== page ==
I guess my vote as Ron Hunt being the 2nd. baseman for the 40th anniversary team wasnt enough. Who showed more guts, desire and will to win than did Ronnie? No one! He should be the 2nd. baseman with fonzie at 3rd.

Bill Deegan
October 11, 2002
Ron was the Lenny Dykstra of his day. He never let up or gave up.

Metsmind
December 24, 2002
As I once told Ron on Art Rust's radio call in show (pre-WFAN days), in 1966 Ron Hunt became my very first sports hero. Then I heard about this guy named Willie Mays. Ron didn't find my delivery too funny.

Bob R.
January 9, 2003
Ron was the first star player on the Mets (not counting the washed-up stars like Berra, Spahn, Snider, Hodges etc.) He belongs to that breed of player like Pete Rose and Brett Butler who aren't as talented as some, but more than make up for it with hustle and grit. I mostly remember him for all the times he got hit by pitches, especially as a Montreal Expo. The guy had it down to a science. He'd take one for the team any time. Attaboy Ron!

Anthony V
February 11, 2003
Ron Hunt and his wife Jackie run a baseball camp called the Independent Eagles Baseball Association, located in Wentzville, Missouri. He is a hands on coordinator and tutor there, not just a figurehead. Find out at www.rheba.com.

Ed K
November 27, 2003
Hunt was THE Mets franchise player back then, and was as revered as Mike Piazza has been in recent years. He was every bit as good as his rival Pete Rose in the early years and unlike Rose was always a credit to the game. For some reason, Casey Stengel wanted to convert Hunt from 2B to 3B. Given Hunt's limited power, it never made sense to me especially when he was the starting NL all-star second baseman. It really was a shame that the Mets traded him away. If he had been around for 1969, he'd be remembered as a better, earlier version of Wally Backman.

Feat Fan
June 15, 2004
Always hustling!!!

Hunt once said, "Some people give their bodies to science; I give mine to baseball."

Feat Fan
July 1, 2004
Originally signed by the Milwaukee Braves, Hunt was purchased by the Mets prior to the 1963 season. He made the jump to the majors from Austin of the Texas League.

"The Mets were using me as a bullpen catcher," he recalls. "During spring training, Casey Stengel told me to come to him rather than going to the press if I ever had any problems."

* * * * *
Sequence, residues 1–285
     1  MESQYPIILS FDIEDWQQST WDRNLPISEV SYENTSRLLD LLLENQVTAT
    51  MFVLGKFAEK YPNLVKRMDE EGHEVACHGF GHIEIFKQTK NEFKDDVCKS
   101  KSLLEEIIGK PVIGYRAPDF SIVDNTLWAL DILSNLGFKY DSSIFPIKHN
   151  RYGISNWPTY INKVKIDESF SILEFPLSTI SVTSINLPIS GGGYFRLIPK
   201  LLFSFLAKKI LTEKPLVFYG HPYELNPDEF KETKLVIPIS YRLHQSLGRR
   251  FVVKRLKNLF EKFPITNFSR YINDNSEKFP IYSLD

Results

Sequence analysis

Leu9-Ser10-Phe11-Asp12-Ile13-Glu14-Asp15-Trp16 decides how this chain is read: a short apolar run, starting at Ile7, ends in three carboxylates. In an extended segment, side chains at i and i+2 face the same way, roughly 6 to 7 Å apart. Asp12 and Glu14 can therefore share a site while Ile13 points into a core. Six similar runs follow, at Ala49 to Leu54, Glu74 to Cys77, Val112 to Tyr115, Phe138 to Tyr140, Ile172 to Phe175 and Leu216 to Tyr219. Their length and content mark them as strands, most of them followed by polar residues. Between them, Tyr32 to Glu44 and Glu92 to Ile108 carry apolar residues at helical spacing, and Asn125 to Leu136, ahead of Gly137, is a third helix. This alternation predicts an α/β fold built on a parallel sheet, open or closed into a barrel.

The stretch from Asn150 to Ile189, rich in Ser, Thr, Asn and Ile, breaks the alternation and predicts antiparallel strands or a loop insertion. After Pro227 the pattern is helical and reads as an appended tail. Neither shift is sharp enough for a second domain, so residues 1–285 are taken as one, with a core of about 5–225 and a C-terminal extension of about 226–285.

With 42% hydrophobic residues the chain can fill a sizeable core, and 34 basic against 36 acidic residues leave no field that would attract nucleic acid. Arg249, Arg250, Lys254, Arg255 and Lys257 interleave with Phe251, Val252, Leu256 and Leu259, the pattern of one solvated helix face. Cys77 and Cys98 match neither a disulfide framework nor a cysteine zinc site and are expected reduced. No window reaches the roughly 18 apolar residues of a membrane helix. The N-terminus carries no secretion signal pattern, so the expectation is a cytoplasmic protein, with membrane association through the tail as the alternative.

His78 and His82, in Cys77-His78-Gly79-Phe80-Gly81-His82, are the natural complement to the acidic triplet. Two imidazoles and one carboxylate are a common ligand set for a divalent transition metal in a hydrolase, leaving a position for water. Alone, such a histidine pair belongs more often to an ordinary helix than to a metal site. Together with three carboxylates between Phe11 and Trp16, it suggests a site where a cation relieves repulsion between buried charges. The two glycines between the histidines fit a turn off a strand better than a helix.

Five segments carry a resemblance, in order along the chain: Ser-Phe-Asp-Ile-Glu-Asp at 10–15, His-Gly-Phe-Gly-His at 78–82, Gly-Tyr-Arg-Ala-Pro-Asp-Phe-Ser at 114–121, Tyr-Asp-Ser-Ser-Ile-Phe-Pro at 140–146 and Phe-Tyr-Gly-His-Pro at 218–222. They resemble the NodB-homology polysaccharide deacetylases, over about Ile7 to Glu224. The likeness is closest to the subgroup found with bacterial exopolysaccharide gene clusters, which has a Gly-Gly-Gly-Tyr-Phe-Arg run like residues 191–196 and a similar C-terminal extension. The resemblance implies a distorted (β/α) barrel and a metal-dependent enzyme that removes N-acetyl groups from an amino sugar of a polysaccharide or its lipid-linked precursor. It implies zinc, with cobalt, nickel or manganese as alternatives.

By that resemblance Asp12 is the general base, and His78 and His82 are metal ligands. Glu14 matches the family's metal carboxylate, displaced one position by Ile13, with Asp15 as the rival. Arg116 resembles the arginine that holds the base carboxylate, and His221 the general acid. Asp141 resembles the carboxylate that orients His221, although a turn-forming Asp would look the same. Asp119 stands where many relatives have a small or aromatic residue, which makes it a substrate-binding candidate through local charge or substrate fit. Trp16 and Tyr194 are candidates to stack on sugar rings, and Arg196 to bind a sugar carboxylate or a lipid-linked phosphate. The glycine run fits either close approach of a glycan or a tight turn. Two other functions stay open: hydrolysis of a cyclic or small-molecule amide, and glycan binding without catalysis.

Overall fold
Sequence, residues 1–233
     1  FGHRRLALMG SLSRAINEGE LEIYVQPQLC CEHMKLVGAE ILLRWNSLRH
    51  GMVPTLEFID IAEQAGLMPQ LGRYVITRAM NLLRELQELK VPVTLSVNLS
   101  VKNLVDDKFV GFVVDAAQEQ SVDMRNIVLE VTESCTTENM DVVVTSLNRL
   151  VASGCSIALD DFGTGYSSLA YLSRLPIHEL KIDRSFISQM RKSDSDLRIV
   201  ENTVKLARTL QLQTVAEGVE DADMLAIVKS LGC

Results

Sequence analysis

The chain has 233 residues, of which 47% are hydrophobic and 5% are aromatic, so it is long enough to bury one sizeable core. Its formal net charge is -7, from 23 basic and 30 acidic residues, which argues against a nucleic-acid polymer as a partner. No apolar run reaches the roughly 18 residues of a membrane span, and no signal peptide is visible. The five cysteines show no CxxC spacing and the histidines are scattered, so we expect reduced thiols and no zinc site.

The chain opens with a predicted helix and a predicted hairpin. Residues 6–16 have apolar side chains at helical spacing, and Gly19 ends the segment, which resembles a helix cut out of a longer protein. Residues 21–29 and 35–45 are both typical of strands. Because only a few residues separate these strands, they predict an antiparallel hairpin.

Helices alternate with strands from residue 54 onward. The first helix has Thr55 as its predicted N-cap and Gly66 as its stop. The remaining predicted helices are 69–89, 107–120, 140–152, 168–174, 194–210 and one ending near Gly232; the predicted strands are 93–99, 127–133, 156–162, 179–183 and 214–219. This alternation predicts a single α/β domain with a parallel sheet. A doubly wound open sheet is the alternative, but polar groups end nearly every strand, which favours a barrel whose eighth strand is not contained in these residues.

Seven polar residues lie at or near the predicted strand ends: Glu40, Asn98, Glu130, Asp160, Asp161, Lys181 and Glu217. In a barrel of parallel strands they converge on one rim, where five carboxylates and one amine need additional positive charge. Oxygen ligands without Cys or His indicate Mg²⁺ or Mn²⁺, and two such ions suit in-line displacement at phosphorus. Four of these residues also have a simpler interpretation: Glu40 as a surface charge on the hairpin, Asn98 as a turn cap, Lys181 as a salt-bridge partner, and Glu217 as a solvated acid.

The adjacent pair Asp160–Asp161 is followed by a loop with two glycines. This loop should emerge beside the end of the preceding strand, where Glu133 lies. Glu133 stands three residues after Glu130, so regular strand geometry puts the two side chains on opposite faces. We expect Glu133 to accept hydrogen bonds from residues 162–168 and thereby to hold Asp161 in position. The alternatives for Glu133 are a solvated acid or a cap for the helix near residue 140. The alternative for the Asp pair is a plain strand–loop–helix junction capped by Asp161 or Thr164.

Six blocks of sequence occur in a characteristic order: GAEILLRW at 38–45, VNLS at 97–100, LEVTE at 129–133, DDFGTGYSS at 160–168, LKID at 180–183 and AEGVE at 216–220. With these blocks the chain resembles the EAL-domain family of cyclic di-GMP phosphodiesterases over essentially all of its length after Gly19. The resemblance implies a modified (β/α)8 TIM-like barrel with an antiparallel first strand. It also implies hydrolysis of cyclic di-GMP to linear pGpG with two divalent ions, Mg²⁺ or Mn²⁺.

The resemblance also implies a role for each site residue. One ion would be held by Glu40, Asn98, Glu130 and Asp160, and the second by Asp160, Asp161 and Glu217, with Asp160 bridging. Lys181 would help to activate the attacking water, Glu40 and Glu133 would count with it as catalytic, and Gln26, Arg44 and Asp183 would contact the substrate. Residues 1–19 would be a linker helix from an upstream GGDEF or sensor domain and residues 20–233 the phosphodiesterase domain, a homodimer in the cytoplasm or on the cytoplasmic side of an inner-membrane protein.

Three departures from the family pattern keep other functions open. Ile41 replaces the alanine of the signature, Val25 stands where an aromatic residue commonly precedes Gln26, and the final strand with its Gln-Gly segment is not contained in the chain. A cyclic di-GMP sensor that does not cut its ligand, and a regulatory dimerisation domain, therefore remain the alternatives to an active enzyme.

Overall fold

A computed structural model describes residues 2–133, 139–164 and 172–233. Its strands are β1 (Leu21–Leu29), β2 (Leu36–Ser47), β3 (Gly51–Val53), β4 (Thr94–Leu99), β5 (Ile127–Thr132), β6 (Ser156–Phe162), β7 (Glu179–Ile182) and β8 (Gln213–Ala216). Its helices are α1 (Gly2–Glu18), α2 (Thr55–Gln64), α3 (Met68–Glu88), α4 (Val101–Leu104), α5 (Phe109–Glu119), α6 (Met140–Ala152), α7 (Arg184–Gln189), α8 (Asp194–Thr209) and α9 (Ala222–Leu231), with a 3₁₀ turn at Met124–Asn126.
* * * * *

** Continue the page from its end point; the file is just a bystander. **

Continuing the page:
That's exactly what the brash rookie did.

"Larry Burright wasn't doing too well," Hunt said. "I went up to Casey after a game in the Polo Grounds and said This is Ron Hunt, number 33. I'm not a bullpen catcher. I can play second base. If you want me to go to the minors every day until you need me, I'll do it."

Hunt's boldness paid off.

"I guess Casey took a liking to me," Hunt laughed. "He said, `Do you want to play that badly, son? You're in the lineup tomorrow."

Hunt took advantage of the opportunity and ended the season with a .272 average in 143 games. He finished second to Pete Rose in the N.L. Rookie of the Year balloting.

Maxwell Kates
July 13, 2004
Ron Hunt sent me what was perhaps the funniest reply for an autograph request I've ever received by mail. He inscribed "Please ask your dad to send $10 to the Ron Hunt Ducks Baseball Association per item. Also send Sharpie. Sincerely, Ron Hunt." He only signs for pay? Remarkably so. Maybe that's why he wrote his name twice in the letter he sent me. All those beanballs saved me twenty bucks!

Jonathan Stern
July 13, 2004
My father predicted that Ron Hunt would have a better and longer career than Pete Rose. Well, at least Hunt didn't bet on baseball.

KMT
February 12, 2005
Before my time as a Met fan. I look at his stats, and wonder what the Met brass could have been thinking! With no home grown talent available, we trade him for a lame T. Davis. I remember him with the Expos the year he got plunked so many times. I was 9 years old then and still remember thinking there had to be a better way to get on base than that! Am I wrong remembering a game against the Cardinals in late September 1974. I believe that Hunt and Jim Hickman both pinch hit for the Cards in this game and that's how they ended their careers. Two baby Mets finishing away from where they should have!

Jonathan Stern
February 25, 2005
Tug McGraw hit Ron Hunt with a pitch during an Old-Timers' game at Shea. We'd have been disappointed if he hadn't. Hunt laughed as he jogged towards first base.

jim conway
January 26, 2006
Like just about everyone else in Queens back in the day, Ron Hunt was my favorite player. Ron's hustle paid off for the Mets but also it taught us kids a valuable lesson as well. Give it your all and you will get back even more in return. Just like Ron Hunt's career. After all, we never forgot him while others have kind of faded away.

blue and orange
March 25, 2006
On April 19, 1963, Ron Hunt beat the Milwaukee Braves with a hit in the bottom of the ninth inning. Mrs Joan Payson sent a bouquet of flowers to the clubhouse for his wife in gratitude. They go to Hunt and he has a sneezing spell; Hunt had terrible allergies and had to have the flowers taken away.